For as nice as fall can be with its cooler temperatures and lower humidity, with it also comes shorter days and longer nights. And that combined with falling back for daylight savings time can cause an uptick in depression, according to Dr. Sandhya Kumar, an assistant professor of neurology at Wake Forest Baptist Medical Center. "The amount of daylight you're exposed to really can have an impact on mood and depression, especially for people with seasonal [affective] disorder," she explained in an interview with Health.

Kumar's statement is confirmed by science, too. According to a 2016 study in the journal Epidemiology, researchers concluded that transitioning from daylight savings time back to standard time in the fall caused an increase in depression diagnoses. This was over a period of ten weeks following the time change, which is a significant amount of time.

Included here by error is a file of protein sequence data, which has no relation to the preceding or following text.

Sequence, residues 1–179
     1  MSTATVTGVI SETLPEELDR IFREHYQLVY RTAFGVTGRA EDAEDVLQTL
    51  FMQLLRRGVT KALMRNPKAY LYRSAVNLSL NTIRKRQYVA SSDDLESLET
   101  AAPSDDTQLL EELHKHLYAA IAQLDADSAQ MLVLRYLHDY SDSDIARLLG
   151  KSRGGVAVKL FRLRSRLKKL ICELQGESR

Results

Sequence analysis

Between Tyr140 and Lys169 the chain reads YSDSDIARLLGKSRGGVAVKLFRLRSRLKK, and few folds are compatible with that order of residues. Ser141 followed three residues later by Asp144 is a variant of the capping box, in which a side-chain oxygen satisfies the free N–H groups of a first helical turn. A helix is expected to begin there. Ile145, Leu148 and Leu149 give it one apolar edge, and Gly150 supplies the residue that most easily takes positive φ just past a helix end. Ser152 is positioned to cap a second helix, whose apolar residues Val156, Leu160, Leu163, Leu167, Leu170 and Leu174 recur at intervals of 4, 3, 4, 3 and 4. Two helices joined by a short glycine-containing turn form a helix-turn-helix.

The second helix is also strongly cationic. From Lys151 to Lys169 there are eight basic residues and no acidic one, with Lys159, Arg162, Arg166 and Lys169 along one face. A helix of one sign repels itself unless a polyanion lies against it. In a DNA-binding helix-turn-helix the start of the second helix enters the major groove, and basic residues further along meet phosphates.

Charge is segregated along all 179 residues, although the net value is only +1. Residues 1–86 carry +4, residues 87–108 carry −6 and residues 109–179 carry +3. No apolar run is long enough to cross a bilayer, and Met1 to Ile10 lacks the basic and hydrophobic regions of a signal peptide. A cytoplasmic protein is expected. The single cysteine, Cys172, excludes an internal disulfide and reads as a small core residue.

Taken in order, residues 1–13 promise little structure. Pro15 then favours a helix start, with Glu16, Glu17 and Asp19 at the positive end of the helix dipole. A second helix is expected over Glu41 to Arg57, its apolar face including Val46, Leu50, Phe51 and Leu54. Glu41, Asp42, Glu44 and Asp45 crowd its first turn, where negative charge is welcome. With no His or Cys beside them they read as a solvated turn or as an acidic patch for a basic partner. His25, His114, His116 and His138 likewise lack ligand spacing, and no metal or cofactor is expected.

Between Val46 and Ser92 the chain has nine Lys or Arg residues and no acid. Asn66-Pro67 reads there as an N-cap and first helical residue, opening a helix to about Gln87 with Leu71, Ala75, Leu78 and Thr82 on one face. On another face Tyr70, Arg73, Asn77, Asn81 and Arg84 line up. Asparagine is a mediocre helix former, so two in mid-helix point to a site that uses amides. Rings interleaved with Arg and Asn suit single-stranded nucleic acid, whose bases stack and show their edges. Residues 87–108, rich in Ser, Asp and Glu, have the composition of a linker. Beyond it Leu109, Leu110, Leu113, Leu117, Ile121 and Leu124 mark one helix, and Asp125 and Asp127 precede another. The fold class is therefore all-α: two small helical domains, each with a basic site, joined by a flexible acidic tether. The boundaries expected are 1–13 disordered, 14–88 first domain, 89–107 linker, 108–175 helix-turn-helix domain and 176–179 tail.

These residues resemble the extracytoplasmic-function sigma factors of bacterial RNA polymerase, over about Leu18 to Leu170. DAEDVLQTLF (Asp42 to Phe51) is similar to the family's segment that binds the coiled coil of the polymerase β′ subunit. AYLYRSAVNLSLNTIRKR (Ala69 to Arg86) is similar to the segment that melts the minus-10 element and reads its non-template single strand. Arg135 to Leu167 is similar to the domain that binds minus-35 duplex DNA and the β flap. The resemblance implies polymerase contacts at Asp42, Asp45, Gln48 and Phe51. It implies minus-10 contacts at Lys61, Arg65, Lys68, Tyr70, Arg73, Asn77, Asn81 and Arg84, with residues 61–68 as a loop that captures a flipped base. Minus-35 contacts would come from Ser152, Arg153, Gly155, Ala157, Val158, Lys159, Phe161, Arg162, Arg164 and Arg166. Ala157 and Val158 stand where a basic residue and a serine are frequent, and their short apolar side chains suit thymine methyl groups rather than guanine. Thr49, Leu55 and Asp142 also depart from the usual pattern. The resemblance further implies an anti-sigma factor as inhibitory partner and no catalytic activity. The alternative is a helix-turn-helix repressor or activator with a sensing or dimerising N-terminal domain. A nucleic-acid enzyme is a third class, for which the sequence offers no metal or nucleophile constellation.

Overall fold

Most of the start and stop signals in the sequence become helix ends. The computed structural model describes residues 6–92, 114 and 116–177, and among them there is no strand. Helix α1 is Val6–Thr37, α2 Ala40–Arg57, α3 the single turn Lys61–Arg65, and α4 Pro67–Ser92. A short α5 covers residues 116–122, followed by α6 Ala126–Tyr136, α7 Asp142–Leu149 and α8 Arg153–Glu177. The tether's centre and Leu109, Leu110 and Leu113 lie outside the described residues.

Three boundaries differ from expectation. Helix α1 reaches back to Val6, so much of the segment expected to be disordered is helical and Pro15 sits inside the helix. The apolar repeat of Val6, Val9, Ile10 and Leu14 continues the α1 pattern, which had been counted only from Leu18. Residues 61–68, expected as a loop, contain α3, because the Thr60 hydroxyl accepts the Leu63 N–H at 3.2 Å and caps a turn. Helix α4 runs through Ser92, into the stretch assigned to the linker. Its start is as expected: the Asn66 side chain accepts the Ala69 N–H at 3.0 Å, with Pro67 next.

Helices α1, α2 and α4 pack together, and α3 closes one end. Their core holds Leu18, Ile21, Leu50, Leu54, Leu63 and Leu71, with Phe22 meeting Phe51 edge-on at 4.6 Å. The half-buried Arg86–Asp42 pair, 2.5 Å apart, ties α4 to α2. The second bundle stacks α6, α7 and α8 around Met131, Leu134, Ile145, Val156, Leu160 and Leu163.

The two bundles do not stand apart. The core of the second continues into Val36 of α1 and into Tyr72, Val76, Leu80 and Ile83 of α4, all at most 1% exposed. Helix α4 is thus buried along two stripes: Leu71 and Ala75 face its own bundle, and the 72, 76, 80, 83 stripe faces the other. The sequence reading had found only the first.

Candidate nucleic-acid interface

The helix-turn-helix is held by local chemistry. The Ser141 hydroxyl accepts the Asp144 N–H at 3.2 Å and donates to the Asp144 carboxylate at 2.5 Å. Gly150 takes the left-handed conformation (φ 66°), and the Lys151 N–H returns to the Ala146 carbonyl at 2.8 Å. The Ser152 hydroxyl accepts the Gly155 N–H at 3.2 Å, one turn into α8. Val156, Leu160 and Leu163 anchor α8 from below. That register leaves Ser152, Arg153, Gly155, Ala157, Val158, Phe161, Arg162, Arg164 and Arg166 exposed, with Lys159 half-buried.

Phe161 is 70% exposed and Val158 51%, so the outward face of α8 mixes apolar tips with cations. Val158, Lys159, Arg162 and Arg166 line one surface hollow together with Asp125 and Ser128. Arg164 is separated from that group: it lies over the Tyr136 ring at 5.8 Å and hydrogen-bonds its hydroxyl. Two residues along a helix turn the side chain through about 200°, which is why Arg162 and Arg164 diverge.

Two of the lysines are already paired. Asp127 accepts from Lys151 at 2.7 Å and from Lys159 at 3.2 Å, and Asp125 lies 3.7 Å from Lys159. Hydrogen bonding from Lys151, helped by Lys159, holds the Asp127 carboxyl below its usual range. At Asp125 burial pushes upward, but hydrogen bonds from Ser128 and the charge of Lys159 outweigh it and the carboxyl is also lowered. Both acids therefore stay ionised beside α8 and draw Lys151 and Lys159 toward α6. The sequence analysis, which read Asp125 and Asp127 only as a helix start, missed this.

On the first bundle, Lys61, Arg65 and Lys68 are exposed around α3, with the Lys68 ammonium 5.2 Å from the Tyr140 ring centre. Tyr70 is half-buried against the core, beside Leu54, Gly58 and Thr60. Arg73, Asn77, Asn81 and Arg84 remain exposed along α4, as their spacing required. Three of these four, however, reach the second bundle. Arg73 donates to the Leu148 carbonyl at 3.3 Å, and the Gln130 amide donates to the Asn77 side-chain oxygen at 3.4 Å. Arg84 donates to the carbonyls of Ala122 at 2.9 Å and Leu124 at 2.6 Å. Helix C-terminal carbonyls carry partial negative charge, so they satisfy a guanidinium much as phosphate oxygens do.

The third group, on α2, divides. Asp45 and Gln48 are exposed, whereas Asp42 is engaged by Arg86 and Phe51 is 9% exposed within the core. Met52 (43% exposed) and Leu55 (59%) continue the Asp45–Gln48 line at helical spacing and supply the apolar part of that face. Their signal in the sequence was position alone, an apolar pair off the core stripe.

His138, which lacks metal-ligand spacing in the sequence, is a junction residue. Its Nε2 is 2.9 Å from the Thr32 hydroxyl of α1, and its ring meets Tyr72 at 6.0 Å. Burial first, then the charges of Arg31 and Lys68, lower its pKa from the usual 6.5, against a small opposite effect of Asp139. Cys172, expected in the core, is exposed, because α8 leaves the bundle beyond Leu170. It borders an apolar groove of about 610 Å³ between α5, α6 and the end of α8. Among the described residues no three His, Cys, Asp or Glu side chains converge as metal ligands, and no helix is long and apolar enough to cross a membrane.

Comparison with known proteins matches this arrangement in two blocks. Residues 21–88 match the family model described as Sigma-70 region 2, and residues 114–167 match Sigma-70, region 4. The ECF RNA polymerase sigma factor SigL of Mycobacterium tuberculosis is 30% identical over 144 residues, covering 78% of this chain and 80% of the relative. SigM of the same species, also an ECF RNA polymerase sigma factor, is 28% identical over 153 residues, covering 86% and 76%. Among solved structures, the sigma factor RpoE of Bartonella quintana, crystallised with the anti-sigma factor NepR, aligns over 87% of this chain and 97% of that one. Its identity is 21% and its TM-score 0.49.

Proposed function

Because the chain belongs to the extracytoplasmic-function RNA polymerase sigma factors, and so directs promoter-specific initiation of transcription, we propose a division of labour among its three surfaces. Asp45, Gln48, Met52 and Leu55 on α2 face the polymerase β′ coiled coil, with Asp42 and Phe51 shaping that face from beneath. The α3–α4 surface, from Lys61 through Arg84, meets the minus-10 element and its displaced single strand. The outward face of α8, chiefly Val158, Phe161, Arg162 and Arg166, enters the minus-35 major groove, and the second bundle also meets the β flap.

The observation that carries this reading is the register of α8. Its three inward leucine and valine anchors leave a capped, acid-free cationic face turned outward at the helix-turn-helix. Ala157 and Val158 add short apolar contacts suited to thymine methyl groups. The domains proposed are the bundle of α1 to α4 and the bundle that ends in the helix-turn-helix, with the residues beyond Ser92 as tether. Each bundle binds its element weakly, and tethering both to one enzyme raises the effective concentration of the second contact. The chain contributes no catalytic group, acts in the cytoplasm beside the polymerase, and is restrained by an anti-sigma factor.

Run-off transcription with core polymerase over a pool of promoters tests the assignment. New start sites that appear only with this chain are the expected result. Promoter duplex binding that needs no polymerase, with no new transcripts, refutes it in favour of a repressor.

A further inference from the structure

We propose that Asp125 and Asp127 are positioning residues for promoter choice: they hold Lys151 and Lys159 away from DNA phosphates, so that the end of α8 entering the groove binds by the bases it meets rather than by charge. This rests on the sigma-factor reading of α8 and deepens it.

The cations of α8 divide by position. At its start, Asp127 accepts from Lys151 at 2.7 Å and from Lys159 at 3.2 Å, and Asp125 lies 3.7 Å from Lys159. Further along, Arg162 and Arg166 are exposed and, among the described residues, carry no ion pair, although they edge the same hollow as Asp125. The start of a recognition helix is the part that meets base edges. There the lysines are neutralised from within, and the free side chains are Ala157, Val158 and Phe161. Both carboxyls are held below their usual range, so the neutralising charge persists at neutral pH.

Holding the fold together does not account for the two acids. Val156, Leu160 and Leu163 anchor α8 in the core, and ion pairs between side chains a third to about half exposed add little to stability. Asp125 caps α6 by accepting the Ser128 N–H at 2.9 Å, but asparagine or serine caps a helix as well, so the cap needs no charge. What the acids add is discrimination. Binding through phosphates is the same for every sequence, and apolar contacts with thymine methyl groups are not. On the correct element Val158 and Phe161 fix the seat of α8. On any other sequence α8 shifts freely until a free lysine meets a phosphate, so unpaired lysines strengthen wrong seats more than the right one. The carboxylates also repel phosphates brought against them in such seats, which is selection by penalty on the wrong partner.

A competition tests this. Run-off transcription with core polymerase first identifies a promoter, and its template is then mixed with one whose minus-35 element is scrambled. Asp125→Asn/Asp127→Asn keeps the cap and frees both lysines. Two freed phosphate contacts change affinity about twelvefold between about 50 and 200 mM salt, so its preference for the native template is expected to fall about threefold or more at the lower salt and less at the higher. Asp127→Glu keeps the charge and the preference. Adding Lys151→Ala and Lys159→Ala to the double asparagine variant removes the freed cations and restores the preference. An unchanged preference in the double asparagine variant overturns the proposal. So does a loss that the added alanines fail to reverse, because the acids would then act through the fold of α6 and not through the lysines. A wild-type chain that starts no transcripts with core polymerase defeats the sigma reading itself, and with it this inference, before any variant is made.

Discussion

Conversely, there's no evidence that springing forward earlier in the year is associated with increased depression, which is good news.

Daylight savings time changes can increase cyberloafing at work

The impacts of switching to daylight savings time can also be felt in the office, according to Science Daily. Specifically, on the Monday after springing forward, people spend more time cyberloafing than usual, which is browsing the internet for personal reasons instead of working. The reason people become less productive at work is due to the fact that they lost sleep the night before, and therefore are less disciplined and self-regulatory than they normally would be. Being tired sure can cause problems!